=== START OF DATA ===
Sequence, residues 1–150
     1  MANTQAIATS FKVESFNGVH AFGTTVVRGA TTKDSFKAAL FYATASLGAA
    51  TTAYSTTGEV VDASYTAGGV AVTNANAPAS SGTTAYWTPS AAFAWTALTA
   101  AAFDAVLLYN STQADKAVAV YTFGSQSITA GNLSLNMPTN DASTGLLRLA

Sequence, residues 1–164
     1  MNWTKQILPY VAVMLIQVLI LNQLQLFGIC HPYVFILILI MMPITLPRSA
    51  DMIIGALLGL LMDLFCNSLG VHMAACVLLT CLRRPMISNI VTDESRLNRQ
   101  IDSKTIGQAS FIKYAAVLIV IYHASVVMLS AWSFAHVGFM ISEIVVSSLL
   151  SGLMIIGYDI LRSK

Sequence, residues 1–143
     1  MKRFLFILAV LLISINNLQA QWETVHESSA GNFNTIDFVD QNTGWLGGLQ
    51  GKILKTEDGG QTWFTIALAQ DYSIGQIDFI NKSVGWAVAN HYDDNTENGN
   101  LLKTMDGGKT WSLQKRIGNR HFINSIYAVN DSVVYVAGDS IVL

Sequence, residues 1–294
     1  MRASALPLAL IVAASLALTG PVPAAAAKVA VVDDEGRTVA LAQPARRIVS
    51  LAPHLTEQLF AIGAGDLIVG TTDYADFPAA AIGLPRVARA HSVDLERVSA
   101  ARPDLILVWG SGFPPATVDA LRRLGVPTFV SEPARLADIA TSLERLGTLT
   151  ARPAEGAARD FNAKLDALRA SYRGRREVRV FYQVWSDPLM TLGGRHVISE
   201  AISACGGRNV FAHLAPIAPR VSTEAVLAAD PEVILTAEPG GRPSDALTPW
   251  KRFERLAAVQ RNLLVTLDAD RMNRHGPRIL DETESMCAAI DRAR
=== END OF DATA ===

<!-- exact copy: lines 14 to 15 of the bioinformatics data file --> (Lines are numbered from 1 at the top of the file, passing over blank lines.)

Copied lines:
Sequence, residues 1–294
     1  MRASALPLAL IVAASLALTG PVPAAAAKVA VVDDEGRTVA LAQPARRIVS